Vintage red & Off White Floral Kantha Jacket
Gorgeous vintage floral patterns with delicate neurtral kantha stitchery all over.
Free delivery on this jacket.
Fits UK size 12-18
Fits up to 68 inch / 172 cm around bust.
Armpit to armpit 86cm
Length from shoulder to hem 32 inch / 81cm
Two deep front patch pockets
Sleeves look great folded back to reveal the beautiful unique patterned lining.
Made from pieces of vintage Pakistani kantha quilt patterns. Each with unique hand embroidery stitches.
Up cycled kantha stitched textile quilted jacket.
An over sized style kantha jacket.
We have repurposed old kantha stitched quilts into individual one of a kind jackets.
Each jacket is listed individually.
100% repurposed vintage textiles.
Each batch of kantha jackets is hand picked by lisa with help from the artisan team in Jaipur.
Sourced and sewn in Jaipur, India.
Small batch production.
High quality craftsmanship.
Low environmental impact.
Each jacket is unique having been recycled and repurposed from hand embroidered stitched vintage quilts.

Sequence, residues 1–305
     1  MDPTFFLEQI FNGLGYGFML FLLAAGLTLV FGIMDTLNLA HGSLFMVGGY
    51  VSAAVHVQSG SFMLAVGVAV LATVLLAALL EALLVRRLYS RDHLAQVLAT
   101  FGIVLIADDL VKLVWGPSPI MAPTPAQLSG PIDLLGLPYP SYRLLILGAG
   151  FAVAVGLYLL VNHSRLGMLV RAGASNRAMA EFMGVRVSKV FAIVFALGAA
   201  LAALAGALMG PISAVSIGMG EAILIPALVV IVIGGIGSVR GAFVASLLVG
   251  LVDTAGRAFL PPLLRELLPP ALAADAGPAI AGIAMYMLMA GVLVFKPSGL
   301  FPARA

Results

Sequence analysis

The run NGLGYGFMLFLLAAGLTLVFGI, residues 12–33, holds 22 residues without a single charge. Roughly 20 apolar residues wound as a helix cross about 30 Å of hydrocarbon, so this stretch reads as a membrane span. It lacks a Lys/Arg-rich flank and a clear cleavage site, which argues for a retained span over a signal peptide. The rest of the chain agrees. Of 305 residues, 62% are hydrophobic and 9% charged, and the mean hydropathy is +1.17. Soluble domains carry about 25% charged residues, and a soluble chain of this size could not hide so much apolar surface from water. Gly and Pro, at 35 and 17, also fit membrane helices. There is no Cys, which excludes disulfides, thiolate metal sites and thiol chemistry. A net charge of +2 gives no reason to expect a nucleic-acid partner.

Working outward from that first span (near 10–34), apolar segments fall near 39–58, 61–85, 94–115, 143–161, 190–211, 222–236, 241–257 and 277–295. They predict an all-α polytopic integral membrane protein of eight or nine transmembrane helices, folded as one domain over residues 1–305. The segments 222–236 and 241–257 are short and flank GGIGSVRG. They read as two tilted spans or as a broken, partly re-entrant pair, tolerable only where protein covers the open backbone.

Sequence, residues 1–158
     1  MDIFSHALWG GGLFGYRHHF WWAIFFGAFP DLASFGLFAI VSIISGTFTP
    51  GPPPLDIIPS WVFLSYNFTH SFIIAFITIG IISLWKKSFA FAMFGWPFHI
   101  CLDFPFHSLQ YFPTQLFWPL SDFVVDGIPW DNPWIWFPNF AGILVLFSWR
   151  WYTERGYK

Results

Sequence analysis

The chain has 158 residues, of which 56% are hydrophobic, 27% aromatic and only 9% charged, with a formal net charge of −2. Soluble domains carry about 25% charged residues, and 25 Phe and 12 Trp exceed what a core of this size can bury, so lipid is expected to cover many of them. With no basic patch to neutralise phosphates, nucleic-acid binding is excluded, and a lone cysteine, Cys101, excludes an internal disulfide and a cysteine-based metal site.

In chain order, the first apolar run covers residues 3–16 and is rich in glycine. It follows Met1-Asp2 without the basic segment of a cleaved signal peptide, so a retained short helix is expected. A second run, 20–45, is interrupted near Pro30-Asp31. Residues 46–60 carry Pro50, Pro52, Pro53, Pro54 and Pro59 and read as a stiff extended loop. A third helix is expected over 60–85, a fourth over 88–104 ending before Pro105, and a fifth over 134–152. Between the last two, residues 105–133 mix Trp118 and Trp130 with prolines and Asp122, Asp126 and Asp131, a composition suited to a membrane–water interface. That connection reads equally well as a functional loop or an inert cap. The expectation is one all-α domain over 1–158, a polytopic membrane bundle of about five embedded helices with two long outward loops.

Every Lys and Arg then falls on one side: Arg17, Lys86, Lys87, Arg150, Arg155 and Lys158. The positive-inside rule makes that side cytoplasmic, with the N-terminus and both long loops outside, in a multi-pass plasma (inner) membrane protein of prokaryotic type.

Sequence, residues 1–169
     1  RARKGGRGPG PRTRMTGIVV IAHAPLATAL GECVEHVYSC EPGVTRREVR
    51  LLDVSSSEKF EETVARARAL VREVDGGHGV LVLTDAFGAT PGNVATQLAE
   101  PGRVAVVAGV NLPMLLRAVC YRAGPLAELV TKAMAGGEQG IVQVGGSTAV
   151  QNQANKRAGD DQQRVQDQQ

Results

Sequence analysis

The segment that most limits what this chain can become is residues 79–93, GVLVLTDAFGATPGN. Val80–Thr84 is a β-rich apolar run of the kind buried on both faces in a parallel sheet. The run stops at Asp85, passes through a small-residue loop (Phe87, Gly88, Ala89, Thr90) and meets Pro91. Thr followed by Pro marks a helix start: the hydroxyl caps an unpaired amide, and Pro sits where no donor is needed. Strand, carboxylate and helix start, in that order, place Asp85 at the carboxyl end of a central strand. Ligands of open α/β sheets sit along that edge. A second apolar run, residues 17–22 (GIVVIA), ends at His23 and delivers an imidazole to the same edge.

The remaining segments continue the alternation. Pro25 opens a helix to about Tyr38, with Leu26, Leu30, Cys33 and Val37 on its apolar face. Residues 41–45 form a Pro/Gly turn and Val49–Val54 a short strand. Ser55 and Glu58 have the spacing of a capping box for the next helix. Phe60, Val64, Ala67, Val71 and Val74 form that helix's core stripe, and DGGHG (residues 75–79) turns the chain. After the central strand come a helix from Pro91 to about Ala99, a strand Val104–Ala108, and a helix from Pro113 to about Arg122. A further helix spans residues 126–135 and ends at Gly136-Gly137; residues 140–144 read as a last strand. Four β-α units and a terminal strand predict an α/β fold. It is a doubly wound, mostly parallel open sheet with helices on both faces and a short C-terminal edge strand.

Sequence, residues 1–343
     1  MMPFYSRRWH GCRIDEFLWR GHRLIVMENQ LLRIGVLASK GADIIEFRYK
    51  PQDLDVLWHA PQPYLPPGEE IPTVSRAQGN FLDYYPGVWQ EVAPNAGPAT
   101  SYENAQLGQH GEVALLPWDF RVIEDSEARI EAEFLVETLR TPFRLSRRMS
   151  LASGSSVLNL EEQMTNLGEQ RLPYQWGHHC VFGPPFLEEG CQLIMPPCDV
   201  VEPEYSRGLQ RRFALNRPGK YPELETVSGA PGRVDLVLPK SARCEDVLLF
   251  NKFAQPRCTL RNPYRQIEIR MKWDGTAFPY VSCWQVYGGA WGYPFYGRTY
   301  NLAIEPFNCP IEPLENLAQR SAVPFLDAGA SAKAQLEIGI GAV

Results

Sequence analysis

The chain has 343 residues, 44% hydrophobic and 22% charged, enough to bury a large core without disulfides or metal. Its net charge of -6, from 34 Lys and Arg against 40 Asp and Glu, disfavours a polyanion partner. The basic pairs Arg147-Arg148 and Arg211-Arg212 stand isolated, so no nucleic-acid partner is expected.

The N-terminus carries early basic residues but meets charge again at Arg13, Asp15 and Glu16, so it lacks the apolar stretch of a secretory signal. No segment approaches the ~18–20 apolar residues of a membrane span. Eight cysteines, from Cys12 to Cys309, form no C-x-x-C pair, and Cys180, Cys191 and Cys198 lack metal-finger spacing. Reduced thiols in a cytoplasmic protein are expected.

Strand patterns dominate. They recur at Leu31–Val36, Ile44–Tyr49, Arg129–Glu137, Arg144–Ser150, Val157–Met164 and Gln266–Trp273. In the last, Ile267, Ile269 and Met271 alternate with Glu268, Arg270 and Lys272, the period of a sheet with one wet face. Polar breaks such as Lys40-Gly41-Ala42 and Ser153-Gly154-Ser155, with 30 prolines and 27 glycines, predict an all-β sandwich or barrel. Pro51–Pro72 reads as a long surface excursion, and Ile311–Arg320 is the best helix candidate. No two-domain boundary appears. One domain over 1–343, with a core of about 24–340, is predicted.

Each quilt is between 30-100 years old.
Variations in pattern – making each jacket one of a kind.
Each jacket has its own unique kantha stitch style covering its entirety.
Made in small limited edition batches. Image above for style of jacket, and colourway.
Each jacket listed individually as these are such unique pieces.
Order now while this one is still in stock.
What is Kantha?
Kantha is a style of stitching found in Indian embroidery, traditionally found in Bangladesh, Bengal, Odisha and Tripura.
Classically created originally by stacking old saris onto each other and hand stitching them together using a simple running stitch to make a thin cushioned layer. Traditionally Bengali women layered together old discarded saris and clothing with the simple kantha style stitching to make a bedspread or bed cushion.
Kantha stitched embroidery is one of the most important textile arts in Eastern india. It can be traced back 500 years as a way the Bengalis recycled old saris, dhotis and household textiles. By using the kantha technique they up-cycled their old textiles into quilts for warmth and comfort. Even the yarn used to make the embroidery was salvaged from the other textiles and clothing.